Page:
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San Diego's First Chinese Community

Early Fisheries on Ballast Point at the Harbor's Edge
By Ronald V. May

With the crowing roosters and gradual rays of sunlight peeking through doors and shutters of Old Town San Diego, the Chinese fishmonger's cries heralded a typical morning in 1860's San Diego. Each day began with Chinese peddlers knocking on doors to sell the morning catch from buckets balanced on yoked shoulders. Family cooks selected from a wide variety of bocaccio, corbina, sheepshead, bass and perch brought in from the Point Loma kelp beds and offshore reefs some five miles distant.

Undoubtedly, the first Chinese settlement developed at Ballast Point where Prince William and Alphaeus Packard built a whaling station. The Los Angeles Star provided the earliest report of Chinese junk anchored in San Diego Bay in 1861. That same year, Ephraim Morse recorded that Ah Sing purchased supplies at the Old Town Mercantile Shop, and Lucy Wentworth, a Ballast Point whaler's wife, later recalled that Juk and Ah Sing "made lots of money selling fish" from their Ballast Point home in 1867. This small community was first recorded by the Tax Collector in 1863, as having owned boats and nets. The 1865 list showed that Ah Yu of Ballast Point owned a schooner worth $75 and seines worth $20; the following year Ah Sing owned 350 gallons of oil and other property worth $197.50. By 1870, the community had grown considerably and included Ah Soy, Ah Pun, Ah Fry, and Ah Hung and their families, all of whom traded at the Old Town Mercantile Shop.

Fine artist Jay Wegter reviewed evidence recovered from the 1988-1992 Ballast Point excavations in order to interpret how the Chinese fishing community might have appeared. Photographs from the Bancroft Library of a Chinese fishing camp at Monterey provided guidance on the housing styles; the hills of Point Loma in the background are depicted from modern photographs. Courtesy Fort Guijarros Museum Foundation


When not working at the Ballast Point Whaling Station, the Chinese harvested coastal resources for commercial use. Eggshells recovered in archaeological excavations reveal that wild bird eggs and abalone meat were included in the diet. Bits of brass sheet, tinned oil cans, and scrap metal were refashioned into kitchen domestic items such as ladles and canisters. But it was the abalone shell that ultimately rose in importance on Ballast Point.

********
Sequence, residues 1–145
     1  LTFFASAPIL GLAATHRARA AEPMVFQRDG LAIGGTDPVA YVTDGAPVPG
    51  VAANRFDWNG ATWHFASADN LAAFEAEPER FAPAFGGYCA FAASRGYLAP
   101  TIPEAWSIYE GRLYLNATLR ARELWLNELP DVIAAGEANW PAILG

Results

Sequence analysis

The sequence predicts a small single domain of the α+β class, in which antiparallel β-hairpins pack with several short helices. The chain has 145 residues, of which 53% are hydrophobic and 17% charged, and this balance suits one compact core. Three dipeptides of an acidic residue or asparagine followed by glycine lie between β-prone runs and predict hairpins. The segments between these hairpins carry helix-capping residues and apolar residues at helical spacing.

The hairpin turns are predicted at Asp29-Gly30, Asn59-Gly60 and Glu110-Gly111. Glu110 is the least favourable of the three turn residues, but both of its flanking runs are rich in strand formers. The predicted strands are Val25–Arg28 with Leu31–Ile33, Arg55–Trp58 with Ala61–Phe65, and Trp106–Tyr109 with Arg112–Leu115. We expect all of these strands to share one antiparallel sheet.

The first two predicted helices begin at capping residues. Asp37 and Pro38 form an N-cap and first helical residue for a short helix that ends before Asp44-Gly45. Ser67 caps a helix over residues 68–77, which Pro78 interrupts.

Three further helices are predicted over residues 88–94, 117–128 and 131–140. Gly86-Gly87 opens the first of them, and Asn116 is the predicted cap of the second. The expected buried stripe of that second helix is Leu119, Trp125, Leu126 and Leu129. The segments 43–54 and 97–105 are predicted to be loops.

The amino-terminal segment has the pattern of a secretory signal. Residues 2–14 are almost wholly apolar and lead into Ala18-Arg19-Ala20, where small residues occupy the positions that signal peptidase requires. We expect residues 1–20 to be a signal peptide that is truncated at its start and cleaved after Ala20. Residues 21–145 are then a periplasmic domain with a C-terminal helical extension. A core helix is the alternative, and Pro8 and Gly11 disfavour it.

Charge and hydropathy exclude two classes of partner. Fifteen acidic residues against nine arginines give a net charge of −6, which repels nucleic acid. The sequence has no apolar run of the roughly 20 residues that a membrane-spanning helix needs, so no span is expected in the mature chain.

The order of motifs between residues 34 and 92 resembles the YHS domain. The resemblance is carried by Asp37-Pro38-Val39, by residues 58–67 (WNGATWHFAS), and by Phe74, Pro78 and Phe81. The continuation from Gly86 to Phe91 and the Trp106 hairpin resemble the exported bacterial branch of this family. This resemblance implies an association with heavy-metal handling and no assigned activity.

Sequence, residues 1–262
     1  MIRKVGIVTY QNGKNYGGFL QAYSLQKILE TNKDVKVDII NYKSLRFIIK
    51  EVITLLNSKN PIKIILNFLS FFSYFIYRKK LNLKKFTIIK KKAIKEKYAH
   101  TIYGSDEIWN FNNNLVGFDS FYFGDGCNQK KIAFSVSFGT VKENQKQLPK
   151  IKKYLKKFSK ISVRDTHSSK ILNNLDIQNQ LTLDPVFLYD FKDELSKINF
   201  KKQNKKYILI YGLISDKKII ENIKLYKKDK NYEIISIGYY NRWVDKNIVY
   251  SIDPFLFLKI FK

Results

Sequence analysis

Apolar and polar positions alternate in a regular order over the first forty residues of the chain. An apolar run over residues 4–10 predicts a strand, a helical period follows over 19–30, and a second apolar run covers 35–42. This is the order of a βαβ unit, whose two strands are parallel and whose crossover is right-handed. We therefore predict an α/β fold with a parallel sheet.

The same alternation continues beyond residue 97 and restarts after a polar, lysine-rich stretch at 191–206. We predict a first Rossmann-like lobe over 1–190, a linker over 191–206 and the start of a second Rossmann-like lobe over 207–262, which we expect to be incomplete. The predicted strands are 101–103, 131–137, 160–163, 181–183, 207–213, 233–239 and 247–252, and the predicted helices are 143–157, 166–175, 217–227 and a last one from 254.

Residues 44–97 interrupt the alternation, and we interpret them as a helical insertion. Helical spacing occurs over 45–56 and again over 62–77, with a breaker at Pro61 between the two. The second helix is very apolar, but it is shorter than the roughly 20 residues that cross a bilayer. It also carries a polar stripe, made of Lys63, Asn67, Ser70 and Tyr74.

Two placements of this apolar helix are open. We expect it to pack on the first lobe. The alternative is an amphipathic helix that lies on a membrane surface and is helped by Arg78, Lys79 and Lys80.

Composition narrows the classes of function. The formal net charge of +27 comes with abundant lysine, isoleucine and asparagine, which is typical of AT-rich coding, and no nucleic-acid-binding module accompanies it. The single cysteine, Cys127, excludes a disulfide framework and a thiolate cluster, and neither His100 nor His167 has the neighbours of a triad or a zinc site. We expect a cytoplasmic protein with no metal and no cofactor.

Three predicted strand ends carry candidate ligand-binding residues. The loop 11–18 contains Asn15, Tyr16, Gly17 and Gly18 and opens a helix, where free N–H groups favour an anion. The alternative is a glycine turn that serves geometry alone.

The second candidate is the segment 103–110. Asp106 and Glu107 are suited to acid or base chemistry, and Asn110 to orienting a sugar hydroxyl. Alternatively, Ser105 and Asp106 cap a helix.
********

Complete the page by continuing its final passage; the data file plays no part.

The Ballast Point Chinese kitchen refuse feature is the single-most important reference for early Chinese culture in San Diego. Analysis revealed 1860s vintage broken porcelain and miscellaneous stoneware, bamboo bowls, brown-glazed coarse stoneware utility jars and soy sauce bottles, a few bits of opium pipes and Asian medicine bottles, and mixed English and European American plates, cups, and bowls. A few whale bone fragments mixed with cleaver-cut cattle, sheep, and pig bones linked the deposit to the nearby Ballast Point Whaling Company. Census documents record the Packard Whaling Company as including Ah Low, the company cook, in 1870.

This Southeast Asian Fu plate represents the secondary business of barbering the Chinese at Ballast Point provided the European American whalers who lived less than 100-feet away. The notch has been ground smooth and matches barber bowls used by Europeans to bleed bad spirits or ghosts from their bodies when they got sick. This practice was alien to Chinese culture, but common on the 19th Century American frontier. The Fu plate itself actually dates from the late 17th Century and may have been an heirloom brought to America by the Chinese. Photos by Ronald V. May


The Chinese also gathered seaweed and dry abalone to ship back to China. High frequencies of tiny limpet and scallop shells, which attach to floating kelp, were found, evidence of a kelp drying operation on Ballast Point at the Chinese fishing camp.

U.S. Army plans for post Civil War defense of San Diego doomed the Ballast Point Whaling Station and Chinese fishing camp. Lt. Thomas Handbury of the U.S. Army Corps of Engineers conducted a land survey of Ballast Point to create contour maps for the design of Fort San Diego. Handbury reported "on Ballast Point there are at present a few old huts occupied by whalers and Chinamen." In 1872 the whalers and Chinese were evicted and construction began of a huge earthen fortification.